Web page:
Onyango, O.A., Grace, J.-S., James, K., et al. AIDS (August 2013), E-publication ahead of print.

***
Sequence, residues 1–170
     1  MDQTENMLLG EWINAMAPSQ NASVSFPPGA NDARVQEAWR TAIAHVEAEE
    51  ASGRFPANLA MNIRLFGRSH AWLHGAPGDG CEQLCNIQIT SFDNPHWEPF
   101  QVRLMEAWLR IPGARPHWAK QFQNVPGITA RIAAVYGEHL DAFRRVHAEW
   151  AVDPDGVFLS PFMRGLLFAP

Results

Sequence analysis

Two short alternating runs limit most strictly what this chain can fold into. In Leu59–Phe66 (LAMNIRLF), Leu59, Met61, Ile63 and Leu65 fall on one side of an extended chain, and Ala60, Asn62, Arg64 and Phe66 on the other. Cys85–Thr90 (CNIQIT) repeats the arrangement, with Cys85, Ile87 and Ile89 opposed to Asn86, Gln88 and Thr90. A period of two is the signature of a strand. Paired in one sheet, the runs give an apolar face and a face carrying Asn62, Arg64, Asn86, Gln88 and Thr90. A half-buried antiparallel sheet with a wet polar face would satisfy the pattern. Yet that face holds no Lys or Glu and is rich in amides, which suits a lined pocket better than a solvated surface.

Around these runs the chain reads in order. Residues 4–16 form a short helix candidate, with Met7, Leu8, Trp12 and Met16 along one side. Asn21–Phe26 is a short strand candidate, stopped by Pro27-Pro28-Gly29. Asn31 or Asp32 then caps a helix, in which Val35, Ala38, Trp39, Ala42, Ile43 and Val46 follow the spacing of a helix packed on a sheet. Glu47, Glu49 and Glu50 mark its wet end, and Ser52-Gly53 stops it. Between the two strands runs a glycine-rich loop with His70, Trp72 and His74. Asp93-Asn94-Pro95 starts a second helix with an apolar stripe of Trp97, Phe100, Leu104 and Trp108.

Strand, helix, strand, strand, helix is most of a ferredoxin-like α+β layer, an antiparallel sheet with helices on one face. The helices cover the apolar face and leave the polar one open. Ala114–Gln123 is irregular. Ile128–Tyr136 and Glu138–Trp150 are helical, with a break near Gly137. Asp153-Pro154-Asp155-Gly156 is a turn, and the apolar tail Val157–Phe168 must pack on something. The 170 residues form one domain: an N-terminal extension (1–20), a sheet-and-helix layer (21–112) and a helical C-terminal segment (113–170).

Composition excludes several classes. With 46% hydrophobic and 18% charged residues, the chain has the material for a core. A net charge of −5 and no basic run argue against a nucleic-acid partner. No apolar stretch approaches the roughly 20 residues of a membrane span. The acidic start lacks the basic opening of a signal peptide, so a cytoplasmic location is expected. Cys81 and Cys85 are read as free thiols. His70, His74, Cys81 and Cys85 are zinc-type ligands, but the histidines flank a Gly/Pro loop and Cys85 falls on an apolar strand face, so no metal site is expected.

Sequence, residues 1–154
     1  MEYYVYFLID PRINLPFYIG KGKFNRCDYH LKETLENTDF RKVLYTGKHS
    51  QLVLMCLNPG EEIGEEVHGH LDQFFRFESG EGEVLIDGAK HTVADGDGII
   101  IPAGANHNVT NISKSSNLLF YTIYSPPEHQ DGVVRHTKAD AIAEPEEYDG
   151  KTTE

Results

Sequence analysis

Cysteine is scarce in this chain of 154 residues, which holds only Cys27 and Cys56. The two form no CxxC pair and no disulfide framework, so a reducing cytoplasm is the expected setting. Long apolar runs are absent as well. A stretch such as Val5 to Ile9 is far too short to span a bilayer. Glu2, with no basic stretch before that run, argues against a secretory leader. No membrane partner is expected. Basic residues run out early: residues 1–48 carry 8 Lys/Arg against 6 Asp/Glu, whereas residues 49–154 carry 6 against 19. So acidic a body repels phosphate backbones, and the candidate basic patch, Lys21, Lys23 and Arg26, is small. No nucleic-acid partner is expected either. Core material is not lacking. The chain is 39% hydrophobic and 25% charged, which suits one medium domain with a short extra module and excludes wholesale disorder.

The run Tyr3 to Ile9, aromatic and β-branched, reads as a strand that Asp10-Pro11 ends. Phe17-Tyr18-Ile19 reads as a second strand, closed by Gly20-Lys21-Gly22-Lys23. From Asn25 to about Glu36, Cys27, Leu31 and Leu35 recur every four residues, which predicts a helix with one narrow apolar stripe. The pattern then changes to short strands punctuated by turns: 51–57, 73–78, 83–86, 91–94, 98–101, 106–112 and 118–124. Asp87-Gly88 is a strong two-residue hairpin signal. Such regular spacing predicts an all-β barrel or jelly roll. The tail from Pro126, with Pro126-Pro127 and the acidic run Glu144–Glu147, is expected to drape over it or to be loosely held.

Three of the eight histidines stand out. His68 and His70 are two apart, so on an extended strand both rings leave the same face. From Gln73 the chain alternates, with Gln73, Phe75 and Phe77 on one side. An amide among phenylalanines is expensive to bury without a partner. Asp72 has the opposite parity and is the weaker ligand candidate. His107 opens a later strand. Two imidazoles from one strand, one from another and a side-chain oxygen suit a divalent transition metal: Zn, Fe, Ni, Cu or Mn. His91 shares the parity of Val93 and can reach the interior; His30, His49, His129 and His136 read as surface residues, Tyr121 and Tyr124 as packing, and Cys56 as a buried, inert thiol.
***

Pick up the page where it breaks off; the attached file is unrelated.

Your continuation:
The authors implemented a randomized, single-blind clinical trial in Nyanza Province, Kenya, to compare the accessibility and uptake of couples HIV testing and counseling (HTC) by male partners during home visits versus appointments at antenatal care (ANC) clinics. Home visits reached and tested at least twice as many partners, and identified and referred more HIV-positive men, compared with the clinic group. Pregnant women seeking ANC were randomized to receive home visits for couples HTC (n=150) or to invite their male partner to the clinic (n=150); 128 (85 percent of those reached) and 54 (36 percent of those reached) male partners underwent couples HTC at homes and the clinic, respectively. Couples were significantly more likely to learn that they were concordant negative tested at home (66 percent) rather than at the clinic (26 percent); yet home-visit couples were also three times more likely to be HIV-serodiscordant. Women whose partners were tested at home were more likely to report improved quality in the relationship (67 to 28 percent). Long-term studies are needed to monitor relationship outcomes. Home HTC visits were highly acceptable for couples, which may lessen barriers to reaching male partners. The authors concluded that the home visit strategy for couples HTC during pregnancy may achieve public health impact and increase uptake of prevention of mother-to-child transmission services in high-prevalence and low-income settings.